Welcome to the third episode of ‘Outliers: Season of Resilience’ in these challenging times of Covid-19.
Since we started this series of podcasts with Ravi Venkatesan’s “Hobson’s choice of saving lives versus livelihoods,” and followed it up with a bluntly honest conversation with the Printo founder Manish Sharma, who described “A Crisis as a self-discovery process”, the pandemic, if anything, has worsened.
I really hope we all emerge out of this more resilient and sane.
In this week’s Outliers podcast, I bring you another candid conversation with Nithin Kamath, the founder of Zerodha who has disrupted some of India’s biggest banks and financial services companies with his innovative and bold approach. Add to that his bootstrapped startup journey, which illustrates how to build a company that matters without raising monies from a VC.
Nithin, who is now busy navigating Zerodha through the pandemic crisis, is not new to volatilities. After all, he started out as a trader when he wasn’t even 20 years old.
“I think if you don’t make peace with your worst possible outcome, you’ll end up being non-sane and in a position where you’ll make irrational decisions,” Nithin tells me in this podcast.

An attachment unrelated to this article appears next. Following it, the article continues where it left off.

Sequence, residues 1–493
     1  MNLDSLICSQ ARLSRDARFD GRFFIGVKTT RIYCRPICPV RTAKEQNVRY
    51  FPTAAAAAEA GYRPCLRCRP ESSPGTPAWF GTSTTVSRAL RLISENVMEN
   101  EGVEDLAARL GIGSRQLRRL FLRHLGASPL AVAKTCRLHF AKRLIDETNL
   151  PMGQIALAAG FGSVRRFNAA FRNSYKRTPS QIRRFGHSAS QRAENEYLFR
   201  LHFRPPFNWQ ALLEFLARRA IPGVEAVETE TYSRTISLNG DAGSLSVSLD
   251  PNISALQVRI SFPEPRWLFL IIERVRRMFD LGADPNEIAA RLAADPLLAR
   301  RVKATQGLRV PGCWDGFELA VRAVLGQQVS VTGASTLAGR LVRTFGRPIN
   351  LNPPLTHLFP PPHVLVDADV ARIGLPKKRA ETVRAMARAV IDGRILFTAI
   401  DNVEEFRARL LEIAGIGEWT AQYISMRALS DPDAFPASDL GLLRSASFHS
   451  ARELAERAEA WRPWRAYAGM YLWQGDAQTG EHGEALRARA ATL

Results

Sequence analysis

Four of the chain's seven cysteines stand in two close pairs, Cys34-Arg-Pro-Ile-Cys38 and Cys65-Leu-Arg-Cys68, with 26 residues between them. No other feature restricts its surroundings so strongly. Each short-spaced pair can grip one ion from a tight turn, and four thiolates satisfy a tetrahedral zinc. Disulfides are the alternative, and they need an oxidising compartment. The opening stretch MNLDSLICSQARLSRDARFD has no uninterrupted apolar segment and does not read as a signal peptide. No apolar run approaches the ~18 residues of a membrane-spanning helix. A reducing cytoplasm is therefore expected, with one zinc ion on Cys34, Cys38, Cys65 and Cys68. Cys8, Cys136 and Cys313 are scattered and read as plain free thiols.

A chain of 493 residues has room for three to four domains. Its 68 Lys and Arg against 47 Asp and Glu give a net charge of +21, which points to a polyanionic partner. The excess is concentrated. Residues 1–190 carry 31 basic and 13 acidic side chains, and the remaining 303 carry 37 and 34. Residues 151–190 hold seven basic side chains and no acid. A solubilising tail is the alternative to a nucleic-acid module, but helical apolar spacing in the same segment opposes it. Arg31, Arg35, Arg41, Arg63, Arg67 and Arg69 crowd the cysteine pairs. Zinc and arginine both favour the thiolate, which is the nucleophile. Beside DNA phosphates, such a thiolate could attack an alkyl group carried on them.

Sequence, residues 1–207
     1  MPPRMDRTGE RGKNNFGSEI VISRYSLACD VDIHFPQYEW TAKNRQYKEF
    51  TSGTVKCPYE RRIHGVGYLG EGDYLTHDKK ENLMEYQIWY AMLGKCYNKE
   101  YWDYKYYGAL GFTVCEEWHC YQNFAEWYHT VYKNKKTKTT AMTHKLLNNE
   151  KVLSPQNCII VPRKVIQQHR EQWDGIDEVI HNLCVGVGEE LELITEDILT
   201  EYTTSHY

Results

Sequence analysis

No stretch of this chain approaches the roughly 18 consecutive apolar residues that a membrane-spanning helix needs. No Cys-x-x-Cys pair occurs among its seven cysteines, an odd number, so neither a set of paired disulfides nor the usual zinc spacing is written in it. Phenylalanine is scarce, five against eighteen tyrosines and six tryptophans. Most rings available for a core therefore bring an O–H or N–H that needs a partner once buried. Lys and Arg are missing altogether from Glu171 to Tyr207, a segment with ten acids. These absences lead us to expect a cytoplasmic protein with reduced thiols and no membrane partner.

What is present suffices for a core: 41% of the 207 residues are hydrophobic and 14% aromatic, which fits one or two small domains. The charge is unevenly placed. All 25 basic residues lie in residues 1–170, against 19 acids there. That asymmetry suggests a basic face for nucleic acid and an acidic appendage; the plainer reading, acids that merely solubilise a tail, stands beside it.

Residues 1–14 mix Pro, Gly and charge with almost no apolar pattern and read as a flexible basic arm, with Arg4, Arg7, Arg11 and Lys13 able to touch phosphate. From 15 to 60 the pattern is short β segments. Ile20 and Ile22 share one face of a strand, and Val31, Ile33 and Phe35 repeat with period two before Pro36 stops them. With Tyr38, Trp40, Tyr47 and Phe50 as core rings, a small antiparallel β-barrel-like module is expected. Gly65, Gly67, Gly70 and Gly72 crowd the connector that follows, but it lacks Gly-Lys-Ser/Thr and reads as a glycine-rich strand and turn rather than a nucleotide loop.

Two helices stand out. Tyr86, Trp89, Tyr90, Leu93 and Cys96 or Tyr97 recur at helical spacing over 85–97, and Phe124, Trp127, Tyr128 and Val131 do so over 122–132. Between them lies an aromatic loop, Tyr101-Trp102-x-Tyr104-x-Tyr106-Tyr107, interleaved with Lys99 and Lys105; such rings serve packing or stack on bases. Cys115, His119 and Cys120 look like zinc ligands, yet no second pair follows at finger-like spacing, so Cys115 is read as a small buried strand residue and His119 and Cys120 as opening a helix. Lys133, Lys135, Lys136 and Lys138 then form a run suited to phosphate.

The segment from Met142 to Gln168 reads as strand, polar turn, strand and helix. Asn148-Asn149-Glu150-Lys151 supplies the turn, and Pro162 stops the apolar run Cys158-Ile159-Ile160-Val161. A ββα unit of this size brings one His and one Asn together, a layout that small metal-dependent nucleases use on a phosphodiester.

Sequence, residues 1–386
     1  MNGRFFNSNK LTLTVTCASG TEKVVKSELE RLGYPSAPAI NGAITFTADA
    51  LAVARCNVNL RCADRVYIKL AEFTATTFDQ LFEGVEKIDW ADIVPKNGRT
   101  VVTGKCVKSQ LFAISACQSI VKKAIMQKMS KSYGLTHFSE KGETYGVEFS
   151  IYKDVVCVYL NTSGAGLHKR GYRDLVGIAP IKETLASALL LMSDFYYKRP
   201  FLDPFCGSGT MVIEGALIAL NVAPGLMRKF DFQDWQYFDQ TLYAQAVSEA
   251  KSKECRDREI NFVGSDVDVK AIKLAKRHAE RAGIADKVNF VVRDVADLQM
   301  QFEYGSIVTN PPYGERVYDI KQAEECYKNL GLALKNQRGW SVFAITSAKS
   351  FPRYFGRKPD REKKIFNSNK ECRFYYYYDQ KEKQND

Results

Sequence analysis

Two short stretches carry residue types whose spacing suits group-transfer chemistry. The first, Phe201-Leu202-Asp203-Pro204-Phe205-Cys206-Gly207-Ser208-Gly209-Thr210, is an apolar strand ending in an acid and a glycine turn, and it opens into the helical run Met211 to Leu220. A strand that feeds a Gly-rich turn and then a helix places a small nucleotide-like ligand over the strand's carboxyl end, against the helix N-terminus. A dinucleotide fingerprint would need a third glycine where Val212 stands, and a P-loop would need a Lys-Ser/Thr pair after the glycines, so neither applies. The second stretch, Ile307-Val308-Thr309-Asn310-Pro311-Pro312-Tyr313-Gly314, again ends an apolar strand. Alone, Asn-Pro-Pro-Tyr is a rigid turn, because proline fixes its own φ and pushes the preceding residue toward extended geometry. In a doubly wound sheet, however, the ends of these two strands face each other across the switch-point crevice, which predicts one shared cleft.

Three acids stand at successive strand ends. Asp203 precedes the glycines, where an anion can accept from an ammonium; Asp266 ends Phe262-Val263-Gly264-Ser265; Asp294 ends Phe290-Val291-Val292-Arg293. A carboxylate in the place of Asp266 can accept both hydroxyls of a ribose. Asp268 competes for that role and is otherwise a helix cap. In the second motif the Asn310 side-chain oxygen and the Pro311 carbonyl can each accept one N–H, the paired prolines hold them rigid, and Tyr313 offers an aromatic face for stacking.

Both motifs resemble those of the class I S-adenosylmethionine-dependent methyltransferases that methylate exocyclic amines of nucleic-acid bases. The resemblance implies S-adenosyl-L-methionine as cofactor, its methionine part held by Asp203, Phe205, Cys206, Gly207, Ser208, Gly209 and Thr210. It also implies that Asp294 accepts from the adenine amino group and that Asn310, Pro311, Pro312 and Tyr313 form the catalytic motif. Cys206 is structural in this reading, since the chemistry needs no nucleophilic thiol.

“Over the many years, I’ve matured. So, today every single thing I do, before I do it, I know the worst possible outcome, I try to make peace with it saying, ‘Dude, if you do this, this will happen. Are you okay with it?’ Only if I’m able to make peace with it is when I go ahead and do it,” he explains.
“So, now what happens is you know once you’ve made peace with this worst possible outcome anything else that happens, it actually feels like a bonus,” Nithin adds.
Finally, this ongoing crisis is also a unique opportunity to shed old habits that don’t matter and add ones that are value-accretive to our life and work.
As Nithin says, “This is the time to go back to leading a monk’s life.”
Thanks again to Sehar Dabur who is helping us bring you the full transcript of these conversations week after week.
Stay safe. And stay resilient.